Latest Reader Qs (6/12/2017)

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Here are the latest reader Qs – and my answers!

Michael writes:

I have a 2015 Nissan Juke Nismo that was rear-ended. I was at a stop light waiting to turn left and the impact was rather violent. I noticed that the impact resulted in the automatic transmission being thrown into park from the drive position. I did drive the car to a collision center but never exceeded 30 MPH. Lots of noises creaks, and squeaks along the way, but I did not notice any noise or an issue with the transmission.  My question is should I be concerned about the transmission and possible problems in the future resulting from the crash? I realize the Juke is very light and the transmission is a CVT designed unit. Thank you.

My Answer:

Since the vehicle was stationary when the impact occurred, the shifter moving from Drive to Park ought not to have caused any damage to the transmission itself; after all, this is the same thing you do routinely, every day. With a caveat: Assuming the selector was not moved into Park while the vehicle was in motion, from the force of the impact.  

Probably, no damage was done – but a thorough checkout is in order. Many modern cars have drive-by-wire controls, in which case, there is no need to worry regardless as there is no physical linkage between the gearshift lever and the transmission. The electronics translate your inputs into action – and usually there are safeguards built into the programming to prevent, for example, the transmission gear selector from engaging Park or Reverse while the vehicle is in motion.

The creaks and other noises you heard were almost certainly the result of bent metal, things rubbing against each other, etc., as a result of the physical damage to the car’s bodywork and not a transmission issue.

Still, mention your concern/explain what happened to the shop working on the car. When the car has been repaired and is ready for pick-up, take it for a test drive before you sign off any paperwork. Be sure the transmission is operating normally/as before the wreck. If it’s not, have them fix it – and don’t sign off on the insurance settlement until you are satisfied.

Hope this is helpful!

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6 COMMENTS

  1. I wrecked my 93 Chevy pickup but it was in great shape and looked new inside and for the main part, outside. I had some aftermarket parts that made it better than new so when the insurance company declared it null and void and sought to simply give me the salvage price I took them to task. After seeing my receipts and looking at pics of how it had been and still was for the most part, they agreed if I could fix it for that amount they’d re-insure it and I’d get a clean title.

    I went to a friend and showed him what they’d given me and asked if it could be fixed for that. Barely, he said and not with factory sheetmetal. So we rebuilt it and I eventually changed the sheetmetal to new GM after another wreck which I paid out of pocket and it was well worth it. The aftermarket radiator was fine as was the condenser and a used oil cooler. It was better than ever with one of those computerized frame machines.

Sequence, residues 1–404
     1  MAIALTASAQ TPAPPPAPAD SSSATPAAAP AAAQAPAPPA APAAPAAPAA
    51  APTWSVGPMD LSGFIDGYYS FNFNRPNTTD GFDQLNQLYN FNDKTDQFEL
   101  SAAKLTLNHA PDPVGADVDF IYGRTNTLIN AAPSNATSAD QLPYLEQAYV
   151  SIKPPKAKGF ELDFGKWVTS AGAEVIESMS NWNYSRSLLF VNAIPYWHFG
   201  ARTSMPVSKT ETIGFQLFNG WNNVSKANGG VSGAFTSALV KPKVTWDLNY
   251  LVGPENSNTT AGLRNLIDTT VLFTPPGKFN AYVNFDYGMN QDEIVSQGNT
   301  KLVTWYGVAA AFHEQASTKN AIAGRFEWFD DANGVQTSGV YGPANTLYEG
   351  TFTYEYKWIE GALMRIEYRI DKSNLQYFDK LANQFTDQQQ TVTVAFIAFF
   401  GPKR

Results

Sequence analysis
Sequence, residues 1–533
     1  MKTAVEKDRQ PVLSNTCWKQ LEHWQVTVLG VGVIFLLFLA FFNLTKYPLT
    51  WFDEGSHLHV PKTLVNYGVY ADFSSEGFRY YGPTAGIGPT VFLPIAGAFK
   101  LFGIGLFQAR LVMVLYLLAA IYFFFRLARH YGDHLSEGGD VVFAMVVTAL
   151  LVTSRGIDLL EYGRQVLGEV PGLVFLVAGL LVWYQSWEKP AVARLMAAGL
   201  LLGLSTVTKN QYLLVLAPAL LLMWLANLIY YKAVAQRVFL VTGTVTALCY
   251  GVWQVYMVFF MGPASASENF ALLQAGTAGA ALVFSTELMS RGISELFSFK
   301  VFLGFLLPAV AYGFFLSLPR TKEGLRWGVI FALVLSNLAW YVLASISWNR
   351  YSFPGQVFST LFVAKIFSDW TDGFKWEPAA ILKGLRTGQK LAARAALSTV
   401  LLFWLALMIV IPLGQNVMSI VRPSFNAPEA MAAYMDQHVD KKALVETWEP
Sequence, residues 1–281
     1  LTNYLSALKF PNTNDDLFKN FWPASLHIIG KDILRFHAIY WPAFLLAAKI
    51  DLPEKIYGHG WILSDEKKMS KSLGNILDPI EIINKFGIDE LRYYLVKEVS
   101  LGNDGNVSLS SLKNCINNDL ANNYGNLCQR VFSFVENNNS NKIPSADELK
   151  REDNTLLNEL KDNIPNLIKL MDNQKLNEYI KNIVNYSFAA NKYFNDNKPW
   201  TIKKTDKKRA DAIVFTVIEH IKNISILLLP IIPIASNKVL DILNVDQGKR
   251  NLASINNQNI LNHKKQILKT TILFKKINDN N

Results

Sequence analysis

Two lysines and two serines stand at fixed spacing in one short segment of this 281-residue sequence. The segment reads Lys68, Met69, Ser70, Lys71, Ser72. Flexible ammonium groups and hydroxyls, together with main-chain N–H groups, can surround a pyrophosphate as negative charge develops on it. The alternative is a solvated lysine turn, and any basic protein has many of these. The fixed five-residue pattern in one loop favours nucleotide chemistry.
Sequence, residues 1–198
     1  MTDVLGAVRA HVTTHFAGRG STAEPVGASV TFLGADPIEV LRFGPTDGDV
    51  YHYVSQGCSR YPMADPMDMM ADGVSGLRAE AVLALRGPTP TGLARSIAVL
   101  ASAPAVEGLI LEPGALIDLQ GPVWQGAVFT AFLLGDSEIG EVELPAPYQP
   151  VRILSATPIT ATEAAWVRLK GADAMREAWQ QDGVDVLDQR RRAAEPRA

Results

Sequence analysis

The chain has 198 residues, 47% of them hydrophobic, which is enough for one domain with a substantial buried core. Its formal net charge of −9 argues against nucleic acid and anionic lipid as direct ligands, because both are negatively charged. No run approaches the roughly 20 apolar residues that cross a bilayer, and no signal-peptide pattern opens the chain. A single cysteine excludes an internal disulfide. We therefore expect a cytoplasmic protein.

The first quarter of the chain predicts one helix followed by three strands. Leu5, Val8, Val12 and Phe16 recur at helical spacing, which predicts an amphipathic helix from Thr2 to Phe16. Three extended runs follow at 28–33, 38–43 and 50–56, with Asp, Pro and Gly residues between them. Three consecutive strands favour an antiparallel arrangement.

It doesn’t hurt to keep receipts of what you’ve done to one if you think a fairly damaging wreck with an old vehicle might go either way. They eventually denied me comprehensive. This is the way they play nice with manufacturers. I’m hoping soon some company will insure a vehicle for whatever you wish to value it and be done with it. Of course this doesn’t make them nearly as much money. One reason I wouldn’t have a breand new vehicle is because of the outlandish insurance on one. I could have a nice 25 year old vehicle and 2 backups for the price of a year of insurance on the equivalent vehicle that’s new.

  2. My neighbor crashed his 1-ton 4×4 dually into a tree. Fixed it…but ever since then, has had nothing but trouble with the tranny and transfer case- they must have gotten slightly tweaked.

    Re: The Jewk: Man! These new cars get totalled so easily! Ya see thousands of such at the salvage auctions every week- I’m expecting insurance to start going way up very soon, ’cause it’s like there’s no such thing as a minor fender-bender anymore…you freakin’ run over a pebble, and your car is totalled now!

  3. For nearly the last 20 years in my part of the country hogs have totaled countless cars and SUV type things. If it Is Jeep, a 200 lb hog will turn half the vehicle into debris although Jeep doesn’t have a lock on it. OTOH, the wife hit a 250 lb hog dead on with her 95 Cutlass. I couldn’t tell it damaged it in more than a superfluous way if that. Twice deer have run into the side and they screw things up a bit but not to the point of mandatory repair.

    That reminds me, I need to get a Ranchhand front guard for the pickup. They work so well only a car wash is required to fix the damage.

  4. For nearly the last 20 years in my part of the country hogs have totaled countless cars and SUV type things. If it has Jeep, a 200 lb hog will turn half the vehicle into debris although Jeep doesn’t have a lock on it. OTOH, the wife hit a 250 lb hog dead on with her 95 Cutlass. I couldn’t tell it damaged it in more than a superfluous way if that. Twice deer have run into the side and they screw things up a bit but not to the point of mandatory repair.

    That reminds me, I need to get a Ranchhand front guard for the pickup. They work so well only a car wash is required to fix the damage.

  5. As a follow-up, the Nissan Juke was totaled. It doesn’t seem to take much to damage the aluminum unibodies which is generally a terminal event. Thanks Eric for the information

    • Hi Michael,

      Very sorry to hear.. but better, I guess, than being stuck with a not-quite-right vehicle. I hope they settled fairly…keep us posted!

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